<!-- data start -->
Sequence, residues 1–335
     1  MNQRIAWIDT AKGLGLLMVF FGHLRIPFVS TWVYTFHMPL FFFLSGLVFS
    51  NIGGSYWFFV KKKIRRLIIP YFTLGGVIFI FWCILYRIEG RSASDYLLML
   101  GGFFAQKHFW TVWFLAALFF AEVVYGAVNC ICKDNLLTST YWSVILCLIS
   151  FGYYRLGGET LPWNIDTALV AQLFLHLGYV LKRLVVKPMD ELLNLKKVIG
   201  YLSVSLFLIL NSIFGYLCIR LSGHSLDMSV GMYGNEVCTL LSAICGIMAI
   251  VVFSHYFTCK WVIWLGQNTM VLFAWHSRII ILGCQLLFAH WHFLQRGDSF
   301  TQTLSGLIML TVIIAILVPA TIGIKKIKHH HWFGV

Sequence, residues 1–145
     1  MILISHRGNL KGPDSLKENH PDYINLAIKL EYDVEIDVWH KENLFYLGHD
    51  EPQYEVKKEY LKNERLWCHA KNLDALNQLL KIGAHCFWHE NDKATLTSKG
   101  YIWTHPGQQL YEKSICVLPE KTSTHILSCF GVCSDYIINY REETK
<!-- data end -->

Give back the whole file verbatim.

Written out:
Sequence, residues 1–335
     1  MNQRIAWIDT AKGLGLLMVF FGHLRIPFVS TWVYTFHMPL FFFLSGLVFS
    51  NIGGSYWFFV KKKIRRLIIP YFTLGGVIFI FWCILYRIEG RSASDYLLML
   101  GGFFAQKHFW TVWFLAALFF AEVVYGAVNC ICKDNLLTST YWSVILCLIS
   151  FGYYRLGGET LPWNIDTALV AQLFLHLGYV LKRLVVKPMD ELLNLKKVIG
   201  YLSVSLFLIL NSIFGYLCIR LSGHSLDMSV GMYGNEVCTL LSAICGIMAI
   251  VVFSHYFTCK WVIWLGQNTM VLFAWHSRII ILGCQLLFAH WHFLQRGDSF
   301  TQTLSGLIML TVIIAILVPA TIGIKKIKHH HWFGV

Sequence, residues 1–145
     1  MILISHRGNL KGPDSLKENH PDYINLAIKL EYDVEIDVWH KENLFYLGHD
    51  EPQYEVKKEY LKNERLWCHA KNLDALNQLL KIGAHCFWHE NDKATLTSKG
   101  YIWTHPGQQL YEKSICVLPE KTSTHILSCF GVCSDYIINY REETK